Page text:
D-day, part II

It’s been a reverse textbook example, done incorrectly from start to finish. I won’t dwell on past absurdities of president Tirone’s reign, because there are new ones to deal with every single day.

As you recently learnt, Palmeiras were unable to postpone their game against Ponte Preta, a game sandwiched between the finals of the Brazil Cup. The “Green Giant” doesn’t provoke the respect it used to, not at all. Remember that Santos and Corinthians were both in similar situations and managed to have their games postponed? End result: against Ponte Preta Palmeiras lost Román and Maikon Leite due to injury, both strong candidates for being in Palmeiras’ starting line-up tonight. Román is definitely out while Maikon Leite travelled with the group and might be the rabbit out of the hat. In fact, I believe he will score the goal of the title.

Having political influence is important, especially in Brazilian football. Under normal circumstances Palmeiras would NEVER have accept the appointment of referee Sandro Meira Ricci – with a history of polemic performances – in the finals. This bunch of directors does nothing. They also do nothing when Coritiba players and the Coritiba coach after Thursday’s game insinuated that Palmeiras were benefited by the fact that KIA Motors is the main sponsor both of Palmeiras and the Brazil Cup. Cesar Sampaio had to go out and defend the club in front of microphones and cameras while directors where busy elsewhere.

Busy elsewhere… They were probably distributing tickets for tonight’s final and arranging their own amusement. The ticketing issue has been a complete mess. It was announced that 4.000 tickets would be made available for Palmeiras supporters to buy online. One minute after the “release”, the site responsible for the commercialisation informed that no tickets remained. The curious thing was that practically nobody seemed to have getting hold of tickets. In Curitiba, palmeirenses stood in line as early as five o’clock in the morning only to learn by ten o’clock that there were no tickets to be bought, that they had all been shipped to São Paulo. Conclusion: most of the tickets were never available, but had already been distributed to directors, counsellors, sponsors, the organized supporters, travel agents, dealers… How many and to whom nobody knows. The same thing happened in the first leg of the final at the Barueri stadium: 26.000 tickets designated for palmeirenses were supposedly available, but only some 12.000 sold online. The rest were sold by other means or distributed, with zero transparency.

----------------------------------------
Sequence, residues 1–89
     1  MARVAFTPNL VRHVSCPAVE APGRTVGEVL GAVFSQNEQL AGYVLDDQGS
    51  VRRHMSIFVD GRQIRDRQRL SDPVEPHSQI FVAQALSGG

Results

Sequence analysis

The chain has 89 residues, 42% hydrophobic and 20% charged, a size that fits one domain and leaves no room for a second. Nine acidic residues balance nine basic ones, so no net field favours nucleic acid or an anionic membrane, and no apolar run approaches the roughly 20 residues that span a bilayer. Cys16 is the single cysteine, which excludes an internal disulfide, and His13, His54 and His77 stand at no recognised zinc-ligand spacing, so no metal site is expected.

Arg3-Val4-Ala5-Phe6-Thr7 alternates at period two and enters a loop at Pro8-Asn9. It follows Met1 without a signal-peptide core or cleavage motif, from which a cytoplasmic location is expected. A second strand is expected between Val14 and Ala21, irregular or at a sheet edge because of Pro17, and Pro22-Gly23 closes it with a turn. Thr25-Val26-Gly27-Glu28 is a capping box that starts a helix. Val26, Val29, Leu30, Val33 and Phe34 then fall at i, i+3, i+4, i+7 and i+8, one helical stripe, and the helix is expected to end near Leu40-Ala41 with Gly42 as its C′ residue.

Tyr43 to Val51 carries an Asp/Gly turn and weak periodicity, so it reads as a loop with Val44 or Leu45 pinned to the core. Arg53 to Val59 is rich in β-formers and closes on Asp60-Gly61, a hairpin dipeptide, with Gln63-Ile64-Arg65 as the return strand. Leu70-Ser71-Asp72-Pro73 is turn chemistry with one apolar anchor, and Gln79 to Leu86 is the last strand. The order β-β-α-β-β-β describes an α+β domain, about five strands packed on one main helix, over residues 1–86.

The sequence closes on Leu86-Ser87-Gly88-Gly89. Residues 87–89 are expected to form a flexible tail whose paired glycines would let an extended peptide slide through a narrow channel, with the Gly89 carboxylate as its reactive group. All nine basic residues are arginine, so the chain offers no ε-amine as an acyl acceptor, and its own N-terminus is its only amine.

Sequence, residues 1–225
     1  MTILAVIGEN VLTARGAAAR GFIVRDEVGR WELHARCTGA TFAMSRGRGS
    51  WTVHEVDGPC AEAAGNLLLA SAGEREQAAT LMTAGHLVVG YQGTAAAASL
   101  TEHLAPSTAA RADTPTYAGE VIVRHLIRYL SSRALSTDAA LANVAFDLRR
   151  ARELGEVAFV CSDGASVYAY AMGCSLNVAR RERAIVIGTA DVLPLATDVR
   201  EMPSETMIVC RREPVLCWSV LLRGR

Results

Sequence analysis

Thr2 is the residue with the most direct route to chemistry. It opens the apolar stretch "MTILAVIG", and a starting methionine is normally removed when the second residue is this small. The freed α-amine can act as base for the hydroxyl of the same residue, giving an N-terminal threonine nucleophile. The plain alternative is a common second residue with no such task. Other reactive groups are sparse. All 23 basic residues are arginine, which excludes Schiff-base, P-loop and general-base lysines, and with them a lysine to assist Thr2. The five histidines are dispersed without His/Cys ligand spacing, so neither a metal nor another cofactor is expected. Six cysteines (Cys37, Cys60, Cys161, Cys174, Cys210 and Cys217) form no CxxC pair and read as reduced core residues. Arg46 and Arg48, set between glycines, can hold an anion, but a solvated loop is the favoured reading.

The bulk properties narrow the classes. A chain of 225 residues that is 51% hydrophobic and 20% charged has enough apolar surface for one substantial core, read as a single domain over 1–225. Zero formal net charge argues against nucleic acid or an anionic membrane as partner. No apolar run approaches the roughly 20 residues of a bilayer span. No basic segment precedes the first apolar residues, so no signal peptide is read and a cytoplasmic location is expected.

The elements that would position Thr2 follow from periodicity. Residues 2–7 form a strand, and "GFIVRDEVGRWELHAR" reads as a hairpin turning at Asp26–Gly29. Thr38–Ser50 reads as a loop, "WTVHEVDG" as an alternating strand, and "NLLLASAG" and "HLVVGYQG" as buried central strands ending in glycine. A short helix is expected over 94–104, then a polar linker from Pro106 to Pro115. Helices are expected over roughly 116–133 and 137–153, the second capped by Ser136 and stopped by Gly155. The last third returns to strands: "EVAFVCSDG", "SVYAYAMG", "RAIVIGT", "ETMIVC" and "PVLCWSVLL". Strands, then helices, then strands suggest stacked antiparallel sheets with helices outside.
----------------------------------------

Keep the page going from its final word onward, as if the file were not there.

The outrage from palmeirenses, especially on various social media, was immediately felt and soon enough Palmeiras’ legal director Mr Piraci de Oliveira (yes, him again) announced on twitter that he had managed to squeeze out an additional 1.500 tickets from Coritiba. Do you find that likely? Really?

Fellow palmeirense Vicente Criscio remembered the other day: in football, if you do everything right, you’re not guaranteed success. And if you do everything wrong, you’re not guaranteed failure either.

For today, everything must be put aside. Not that we’ve forgotten or will forget. Not that the title will do any difference in terms of demands for better management, transparency, new statute, professionalism. It has ALL been done incorrectly and if Palmeiras win this title, it belongs to the squad, to Scolari and the men under his command, to Cesar Sampaio, and first and foremost to the supporters.

Tonight will be a battle, on and off the pitch, physically and mentally. We must all do our part. And out there, our frontline is composed by keepers Bruno and Deola; wingers Cicinho, Artur, Juninho and Fernandinho; defenders Maurício Ramos, Thiago Heleno, Leandro Amaro and Wellington; defensive midfielders Henrique, Marcos Assunção, João Vitor and Márcio Araújo; playmakers Daniel Carvalho, Felipe and Patrik; strikers Maikon Leite, Betinho and Mazinho. These are our men. These are our warriors. Bring the heat!
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3 Comments

  1. I must say that I have abandoned the hope of having a more decent administration – a long time ago. For years now, executives at Palmeiras have been doing nothing but consistently showing us that their management skills and core values are out of date. Let’s hope that this Copa do Brasil can become an inflection point – it won’t change the questionable management overnight but still palmeirenses need to start promoting a change at some point. Avanti Palestra! 🙂

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